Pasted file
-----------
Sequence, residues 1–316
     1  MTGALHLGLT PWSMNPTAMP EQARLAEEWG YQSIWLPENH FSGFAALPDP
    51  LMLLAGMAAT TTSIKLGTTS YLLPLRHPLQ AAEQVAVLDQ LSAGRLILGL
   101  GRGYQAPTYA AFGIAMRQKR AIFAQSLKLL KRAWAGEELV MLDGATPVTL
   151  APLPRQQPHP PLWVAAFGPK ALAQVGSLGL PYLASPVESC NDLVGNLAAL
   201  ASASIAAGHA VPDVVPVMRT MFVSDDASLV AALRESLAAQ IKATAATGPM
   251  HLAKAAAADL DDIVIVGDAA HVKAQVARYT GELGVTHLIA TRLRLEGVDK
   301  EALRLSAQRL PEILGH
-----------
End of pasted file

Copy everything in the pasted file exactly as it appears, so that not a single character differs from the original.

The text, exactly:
Sequence, residues 1–316
     1  MTGALHLGLT PWSMNPTAMP EQARLAEEWG YQSIWLPENH FSGFAALPDP
    51  LMLLAGMAAT TTSIKLGTTS YLLPLRHPLQ AAEQVAVLDQ LSAGRLILGL
   101  GRGYQAPTYA AFGIAMRQKR AIFAQSLKLL KRAWAGEELV MLDGATPVTL
   151  APLPRQQPHP PLWVAAFGPK ALAQVGSLGL PYLASPVESC NDLVGNLAAL
   201  ASASIAAGHA VPDVVPVMRT MFVSDDASLV AALRESLAAQ IKATAATGPM
   251  HLAKAAAADL DDIVIVGDAA HVKAQVARYT GELGVTHLIA TRLRLEGVDK
   301  EALRLSAQRL PEILGH